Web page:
Known for being energetic, easy to train, and intelligent, the fluffy Australian Shepherd is a medium-sized breed that’s quite rare in the pet adoption world. Raising them can be a challenge if you don’t know which food to feed them, how much, and how often, which is why we wrote this article for you.
Planning your meals and scheduling them for your puppy will result in a healthier adult dog and a happier mood. To increase your dog’s quality of life, starting with good nutrition from their puppyhood is important, which is why feeding the right amount of food cannot be stressed enough.
Let’s look at the different diet specifics of an Australian Shepherd, as well as considerations when it comes to weight and food types.
- How much to feed an Australian Shepherd puppy?
- Feeding Schedule
- Growth Chart
- FAQs on Feeding an Australian Shepherd Puppy
- When should you switch from puppy to adult food for an Australian Shepherd?
- How do I know if my puppy is overweight or underweight?
- What kind of food is best for Australian Shepherd puppies?
- What foods can I feed my Australian Shepherd puppy?
- My Australian Shepherd puppy won’t eat. What should I do?
- What should I do if my puppy is still hungry?
- Can I give my Australian Shepherd puppy supplements?
How much to feed an Australian Shepherd puppy?
The Australian Shepherd puppy is recommended to be fed with 1 to 5 cups a day depending on various factors, such as their age, physical health, weight, activities, and the like.
Various pet food brands can have different effects on your puppy’s growth, so they can be adjusted as needed depending on the outcome of your pup. It’s best to consult your vet if you aren’t too sure about your Australian Shepherd puppy’s diet plan or if you think they’re getting too overweight or underweight.
To give you a little idea of how much to feed your Australian Shepherd puppy, here’s a breakdown of their typical diet per age milestone:
Birth to 2 weeks old
During this time, the Australian Shepherd puppy is being nursed by their mother so they cannot be weaned yet. A puppy milk formula can be used as a substitute in case one of the pups cannot gain weight for certain reasons, such as insufficient mother’s milk or if you have a large litter.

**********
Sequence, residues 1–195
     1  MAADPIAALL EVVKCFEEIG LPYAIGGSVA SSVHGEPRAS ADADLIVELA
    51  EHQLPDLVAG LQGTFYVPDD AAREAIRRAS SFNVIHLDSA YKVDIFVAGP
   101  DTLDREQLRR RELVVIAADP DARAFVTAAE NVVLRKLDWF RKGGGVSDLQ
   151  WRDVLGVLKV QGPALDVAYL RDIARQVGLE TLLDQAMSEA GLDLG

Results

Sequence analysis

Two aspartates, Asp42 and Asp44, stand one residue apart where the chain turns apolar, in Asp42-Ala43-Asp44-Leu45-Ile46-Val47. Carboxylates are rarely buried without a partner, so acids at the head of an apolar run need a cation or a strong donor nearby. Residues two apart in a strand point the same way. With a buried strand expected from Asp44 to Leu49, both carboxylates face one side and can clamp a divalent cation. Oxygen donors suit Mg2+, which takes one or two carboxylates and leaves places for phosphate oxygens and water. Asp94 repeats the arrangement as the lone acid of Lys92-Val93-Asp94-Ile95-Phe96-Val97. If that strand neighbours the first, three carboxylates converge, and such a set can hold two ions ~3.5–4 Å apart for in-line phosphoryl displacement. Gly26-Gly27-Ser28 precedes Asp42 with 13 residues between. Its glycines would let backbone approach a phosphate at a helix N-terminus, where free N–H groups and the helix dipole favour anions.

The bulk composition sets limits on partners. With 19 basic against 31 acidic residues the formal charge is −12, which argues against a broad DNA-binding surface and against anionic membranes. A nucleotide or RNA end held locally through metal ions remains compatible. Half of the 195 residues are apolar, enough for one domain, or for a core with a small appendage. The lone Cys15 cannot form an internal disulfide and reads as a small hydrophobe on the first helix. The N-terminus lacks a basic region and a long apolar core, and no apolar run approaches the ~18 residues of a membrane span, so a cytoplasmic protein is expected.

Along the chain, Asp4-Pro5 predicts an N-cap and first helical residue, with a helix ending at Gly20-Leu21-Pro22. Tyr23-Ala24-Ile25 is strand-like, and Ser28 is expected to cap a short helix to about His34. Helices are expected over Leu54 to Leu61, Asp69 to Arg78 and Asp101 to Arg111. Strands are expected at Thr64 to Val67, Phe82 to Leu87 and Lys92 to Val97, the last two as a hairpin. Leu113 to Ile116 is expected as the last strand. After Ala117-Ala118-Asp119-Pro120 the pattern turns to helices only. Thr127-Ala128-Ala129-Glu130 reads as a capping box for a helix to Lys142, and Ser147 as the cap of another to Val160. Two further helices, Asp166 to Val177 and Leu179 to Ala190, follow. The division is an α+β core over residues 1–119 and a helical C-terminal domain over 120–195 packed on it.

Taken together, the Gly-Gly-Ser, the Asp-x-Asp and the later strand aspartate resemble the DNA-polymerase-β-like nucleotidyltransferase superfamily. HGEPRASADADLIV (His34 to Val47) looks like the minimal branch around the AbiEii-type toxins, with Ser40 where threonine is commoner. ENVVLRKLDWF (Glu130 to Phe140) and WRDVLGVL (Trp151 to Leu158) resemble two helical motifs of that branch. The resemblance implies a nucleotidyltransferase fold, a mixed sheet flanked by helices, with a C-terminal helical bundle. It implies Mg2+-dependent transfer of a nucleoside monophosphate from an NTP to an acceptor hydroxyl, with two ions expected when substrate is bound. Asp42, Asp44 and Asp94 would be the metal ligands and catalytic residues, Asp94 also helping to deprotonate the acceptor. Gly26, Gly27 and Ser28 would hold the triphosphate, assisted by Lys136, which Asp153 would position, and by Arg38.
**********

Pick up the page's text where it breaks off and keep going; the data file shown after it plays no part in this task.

3 to 4 weeks old
By the 3rd week, you can start weaning your Australian Shepherd. While most pet owners will advise a mixture of water and solid food, you can also use puppy milk formula so that your Australian Shepherd pup won’t be able to tell the difference between their mother’s milk and the new food you’ve served them. This makes the weaning process smoother.
Eventually, the mother of the Australian Shepherd puppies will slowly let go of her litter as their teeth begin to develop, which will make the mother uncomfortable when nursing.
Although there’s a slight chance of your Australian Shepherd regurgitating their food for their puppies, this is a normal action that mother dogs do in the wild. Even though it looks gross, it’s their natural way of feeding their puppies with easily digestible food.
At 4 weeks of age, the Australian Shepherd pup should get about 1/2 to 3/4 cup of puppy food that’s mixed with either water or puppy milk formula – whichever is available or most convenient.
5 to 6 weeks old
Your Australian Shepherd puppies are usually almost or fully weaned by this stage and are ready for adoption if ever that’s the case. Feeding your puppy about 4 times a day and can be reduced to 3 times a day once they get older.
7 to 9 weeks old
The diet of your Australian Shepherd puppy can be increased to 1 1/2 cup a day but stick to the routine of 3 meals a day. If you must change food brands or types, be sure to do it slowly with small portions until the puppy eats the new brand. This is to help your puppy not run into digestive upsets.
10 to 12 weeks old
Your Australian Shepherd pup can still be fed 1 1/2 cups a day and you can increase the amount to 2 cups by the 12th week. Keep sticking to 3 meals a day and always remember to divide the meals equally.
Once your puppies get older and enter their monthly milestones, here’s a convenient chart to help you figure out how much to feed them depending on their age:
|Puppy age||Cups of puppy food a day|
|4 to 5 months old||1 3/4||3 1/3|
|6 to 8 months old||1 1/3||3 ¼|
|9 to 11 months old||2 1/3||4|
|1 to 2 years old||2 1/3||5 1/4|
Keeping your puppy in tip-top shape is important to help maintain their ideal weight and to ward off diseases. Here are handy charts to help you figure out the best weight for your Australian Shepherd puppy based on their age:
|Weeks-old Australian Shepherd puppy|
|Weight chart||4 lbs.||4.5 lbs.||5 lbs.||5.5 lbs.||6 lbs.||6.5 lbs.||7 lbs.||7.5 lbs.||8 lbs.|
|4.5 lbs.||5.1 lbs.||5.6 lbs.||6.2 lbs.||6.8 lbs.||7.3 lbs.||7.9 lbs.||8.4 lbs.||9 lbs.|
|5 lbs.||5.6 lbs.||6.3 lbs.||6.9 lbs.||7.5 lbs.||8.1 lbs.||8.8 lbs.||9.4 lbs.||10 lbs.|